By: Henry J. Fromage (Five Beers) –
I’m not sure if I mentioned this before, but for a large portion of my childhood my family didn’t have a television. Besides clearly making me a resounding success unconcerned with the fluff of pop culture and media, it also created a surprising hole in my movie-watching experience. As a result, I didn’t see nostalgia-driven classics like Star Wars, Back to the Future, or Kazaam as a wide-eyed adolescent, but rather a jaded quasi-adult.
This was popular with the kids, right?
Some of these films hold up, while other need some rose-tinted peepers to qualify. Which category will Big fall in?
Big tells the story of a 13 year old Josh, who’s fed up with being small and marginalized. At a carnival, he encounters a fortune telling machine possessed of Satan, which grants him his wish… to be big. The next morning he wakes up in his tighty-whities with Tom Hanks’ body. Hilarity, hijinks, and emotional devastation ensue.
You can see why this is a childhood classic for so many. Besides justifiably iconic scenes like Hanks and Robert Loggia playing “Chopsticks” on the giant piano at FAO Schwarz, or Zoltar’s red eyes boring into your soul, this movie represents some potent wish fulfillment. What thirteen year old doesn’t want to become a toy company executive… and bang a coworker?
Actually, that’s a pretty good question. It seems like Hanks acts simultaneously a bit too young (shouldn’t he be outgrowing Transformers?) and a bit too old (relatively mature sex drive) for a thirteen year old. He’s basically Buddy the Elf with more PG-inappropriate urges.
Or, considering Zooey Deschanel, more appropriate ones
For all his parents know, Josh was kidnapped by a 30 year old man trouncing around in his underwear, and yet they appear to make no attempt whatsoever to recover their son. Periodic phone calls, in which they never actually hear their son’s voice, but are assured their son is just fine by the apparent kidnapper himself, are enough to keep them at bay.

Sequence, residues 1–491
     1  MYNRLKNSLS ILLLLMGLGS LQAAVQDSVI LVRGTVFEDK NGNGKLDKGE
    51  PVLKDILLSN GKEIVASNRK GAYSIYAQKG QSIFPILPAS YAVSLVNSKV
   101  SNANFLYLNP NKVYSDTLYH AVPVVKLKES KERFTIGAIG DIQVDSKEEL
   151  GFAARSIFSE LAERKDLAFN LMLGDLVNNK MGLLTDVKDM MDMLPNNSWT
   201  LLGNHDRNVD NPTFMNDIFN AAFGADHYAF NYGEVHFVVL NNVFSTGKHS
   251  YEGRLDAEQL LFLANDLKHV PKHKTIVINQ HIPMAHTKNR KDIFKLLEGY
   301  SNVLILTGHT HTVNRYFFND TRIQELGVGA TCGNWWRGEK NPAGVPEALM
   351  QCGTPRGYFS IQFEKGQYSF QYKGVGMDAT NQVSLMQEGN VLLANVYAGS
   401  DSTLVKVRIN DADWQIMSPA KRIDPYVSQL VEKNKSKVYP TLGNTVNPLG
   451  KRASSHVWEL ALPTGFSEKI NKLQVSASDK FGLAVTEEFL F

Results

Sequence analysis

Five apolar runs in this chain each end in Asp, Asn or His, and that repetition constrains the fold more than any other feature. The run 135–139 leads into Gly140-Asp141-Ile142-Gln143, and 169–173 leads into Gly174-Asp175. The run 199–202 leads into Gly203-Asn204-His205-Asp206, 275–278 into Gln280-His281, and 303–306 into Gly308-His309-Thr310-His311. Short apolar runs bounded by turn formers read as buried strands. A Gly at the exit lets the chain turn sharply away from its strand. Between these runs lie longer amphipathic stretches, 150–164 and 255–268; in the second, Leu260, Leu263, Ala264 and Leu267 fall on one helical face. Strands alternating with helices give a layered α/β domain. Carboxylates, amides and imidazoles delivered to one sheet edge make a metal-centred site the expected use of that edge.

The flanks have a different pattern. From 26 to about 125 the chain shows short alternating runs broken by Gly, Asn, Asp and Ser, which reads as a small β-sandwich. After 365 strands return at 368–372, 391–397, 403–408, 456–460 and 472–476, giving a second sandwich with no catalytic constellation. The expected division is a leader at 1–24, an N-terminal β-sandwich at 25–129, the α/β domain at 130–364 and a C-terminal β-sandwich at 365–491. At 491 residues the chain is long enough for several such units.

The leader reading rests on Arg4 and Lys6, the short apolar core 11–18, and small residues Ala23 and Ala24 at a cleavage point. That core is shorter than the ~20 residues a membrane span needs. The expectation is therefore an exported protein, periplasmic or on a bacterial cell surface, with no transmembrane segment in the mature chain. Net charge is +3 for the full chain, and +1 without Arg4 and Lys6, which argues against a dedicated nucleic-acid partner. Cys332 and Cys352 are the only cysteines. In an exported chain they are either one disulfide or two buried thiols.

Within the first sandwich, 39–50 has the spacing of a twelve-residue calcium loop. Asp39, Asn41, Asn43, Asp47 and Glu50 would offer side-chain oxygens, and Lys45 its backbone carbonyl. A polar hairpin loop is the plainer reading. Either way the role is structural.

It seems a bit nitpicky to harp on a movie for being dated 30+ years after its release, but when you allow your hair, makeup, and wardrobe departments to commit this atrocity, you aren’t counting on posterity.
That ending… not only is it corny as all hell, but what happens next? Adult girlfriend Susan now understands that she’s been sexually molesting a child for the last few months… that’s got to leave a mark. Meanwhile, Josh has a lot of ‘splainin’ to do, at least to his parents, and probably to authorities. Also, he did an awful lot of growing up way out of line with what a normal person should. Best case scenario, he ends up in the porn industry. More likely, his parents more or less correctly assume he spent his time away getting diddled, judging by the outsized carnal knowledge and desire he’s now displaying, and spend all of his college tuition savings on a barrage of psychiatrists.
Which can only do so much
I can understand how this is a childhood classic for many, but if you consider the implications for even a few minutes, it’s straight horrifying.
Take a Drink: every time someone talks about toys
Take a Drink: whenever someone freaks out
Do a Shot: whenever Hanks does something 13 years old have no business doing